Journal of Supply Chain Management 2021 Emerging Discourse Incubator: Managing Working Conditions in Supply Chains: Towards Decent Work

Decent work refers to “opportunities for work that is productive and delivers a fair income, security in the workplace and social protection for families, better prospects for personal development and social integration, freedom for people to express their concerns, organize and participate in the decisions that affect their lives and equality of opportunity and treatment for all women and men” (ILO, 2019). The goal of decent work for all is enshrined in the UN’s Sustainable Development Goals as SDG 8, “Decent work and Economic Growth”. Yet in many supply chains this goal remains elusive. For example, there is evidence that the supply chains of several prominent companies, such as Amazon, have not adequately addressed worker safety concerns in regard to the COVID-19 virus.

For decades, studies on decent work across disciplines like development studies, geography, political science, sociology and management have focused on various topics including barriers to decent work, causes of indecent work, and measures to improve and maintain decent work (e.g. Anker et al., 2003; Barrientos, 2013; Blustein et al., 2016; Grandey et al., 2015; Sehnbruch et al., 2015). Insights from these studies have informed policies and practices across the globe, many of them focused on the governance of global supply chains.

Research on working conditions in SCM is often conducted under the broader theme of sustainable supply chain management. Under this theme, research has focused on topics such as the supplier capabilities for social management (Huq et al., 2016), occupational health & safety (e.g. Cantor et al., 2017; Pagell et al., 2018), including that of emerging economy suppliers (Hamja et al., 2019), and the role of intermediaries in managing suppliers’ social practices (Soundararajan & Brammer, 2018; Wilhelm et al., 2016).

Nevertheless, a closer look at these studies suggests that decent work and SCM scholarship have had very little interaction. Therefore, this emerging discourse incubator encourages further attention to the interface of decent work and supply chain management. A key feature of such research would be that it accounted for the supply chain context, both within and between organizations. Within an organization, decisions about the composition and treatment of the workforce are often separate from supply chain decisions and these supply chain decisions often occur across multiple functions. Equally, supply chain decision makers often influence and are accountable not only for their own organization but also for what other organizations (often in other countries or in a remote supply chain tier) do. Guaranteeing decent work in a supply chain that is accountable to all of its stakeholders, including shareholders and managers, is highly complex, and research for this EDI should account for these complexities.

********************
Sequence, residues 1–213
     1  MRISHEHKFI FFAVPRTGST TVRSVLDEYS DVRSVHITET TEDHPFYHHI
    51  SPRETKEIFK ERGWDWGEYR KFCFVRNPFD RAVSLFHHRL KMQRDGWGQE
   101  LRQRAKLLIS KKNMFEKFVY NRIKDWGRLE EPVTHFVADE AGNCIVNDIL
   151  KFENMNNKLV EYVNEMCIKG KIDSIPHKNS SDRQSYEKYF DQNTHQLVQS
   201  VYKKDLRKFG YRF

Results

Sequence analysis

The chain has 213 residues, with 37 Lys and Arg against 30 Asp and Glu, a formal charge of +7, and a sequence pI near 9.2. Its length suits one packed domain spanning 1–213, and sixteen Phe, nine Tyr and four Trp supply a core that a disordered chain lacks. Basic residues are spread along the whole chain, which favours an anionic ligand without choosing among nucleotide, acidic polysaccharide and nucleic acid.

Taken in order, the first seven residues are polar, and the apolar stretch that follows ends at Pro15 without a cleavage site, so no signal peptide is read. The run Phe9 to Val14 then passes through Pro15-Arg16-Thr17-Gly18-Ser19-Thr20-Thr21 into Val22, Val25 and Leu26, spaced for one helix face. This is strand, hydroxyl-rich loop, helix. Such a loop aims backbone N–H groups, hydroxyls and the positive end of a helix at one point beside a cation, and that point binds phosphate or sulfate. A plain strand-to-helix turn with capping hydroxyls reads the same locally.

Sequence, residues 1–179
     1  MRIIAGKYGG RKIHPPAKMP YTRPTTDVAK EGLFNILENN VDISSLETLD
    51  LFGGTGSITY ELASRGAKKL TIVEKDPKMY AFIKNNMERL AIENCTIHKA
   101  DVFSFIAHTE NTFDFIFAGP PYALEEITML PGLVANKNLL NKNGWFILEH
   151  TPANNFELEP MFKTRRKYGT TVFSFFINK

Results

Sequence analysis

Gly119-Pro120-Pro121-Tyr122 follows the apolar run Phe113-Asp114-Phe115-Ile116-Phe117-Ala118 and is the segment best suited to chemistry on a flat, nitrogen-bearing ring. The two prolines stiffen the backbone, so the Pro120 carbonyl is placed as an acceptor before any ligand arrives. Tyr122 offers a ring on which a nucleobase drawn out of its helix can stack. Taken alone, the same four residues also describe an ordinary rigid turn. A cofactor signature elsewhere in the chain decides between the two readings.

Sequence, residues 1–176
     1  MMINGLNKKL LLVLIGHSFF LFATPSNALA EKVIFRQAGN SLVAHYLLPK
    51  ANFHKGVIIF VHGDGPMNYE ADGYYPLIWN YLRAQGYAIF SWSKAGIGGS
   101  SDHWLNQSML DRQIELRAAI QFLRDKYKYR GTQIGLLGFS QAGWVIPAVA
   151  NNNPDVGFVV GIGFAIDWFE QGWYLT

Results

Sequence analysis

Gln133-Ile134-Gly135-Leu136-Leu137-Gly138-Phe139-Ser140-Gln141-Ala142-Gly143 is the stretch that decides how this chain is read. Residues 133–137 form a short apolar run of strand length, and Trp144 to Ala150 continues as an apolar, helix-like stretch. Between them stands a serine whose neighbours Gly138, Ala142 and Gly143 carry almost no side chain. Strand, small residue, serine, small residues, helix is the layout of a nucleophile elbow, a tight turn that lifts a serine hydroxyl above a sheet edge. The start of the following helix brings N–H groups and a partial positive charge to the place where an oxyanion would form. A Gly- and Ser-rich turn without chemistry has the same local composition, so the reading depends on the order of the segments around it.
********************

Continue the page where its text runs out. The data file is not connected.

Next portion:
Research Opportunities

We seek high-quality empirical submissions that explore decent work in supply chains from diverse perspectives and that advance theory and practice in line with JSCM’s mission. While we are open to submissions using both qualitative and quantitative methods, as well as purely conceptual papers, submissions must make signification theoretical contributions. Authors are explicitly encouraged to incorporate insights from the two recent Emerging Discourse Incubators in the Journal of Supply Chain Management on “Research at the Intersection of Supply Chain Management and Public Policy and Government Regulation1 (Fugate et al., 2019) and “Research Where the Focal Actor in the Network is Not a For-Profit Firm2 (Pagell, Fugate, & Flynn, 2018; Pagell, Wiengarten, Fan, Humphreys, & Lo, 2018) and connect them to the topic of decent work in global supply chains.

Deadline: 31st January 2022

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Please direct any queries to guest editors Vivek Soundararajan ([log in to unmask]), Miriam Wilhelm ([log in to unmask]) and Andrew Crane ([log in to unmask]) or JSCM co-editor Mark Pagell ([log in to unmask])

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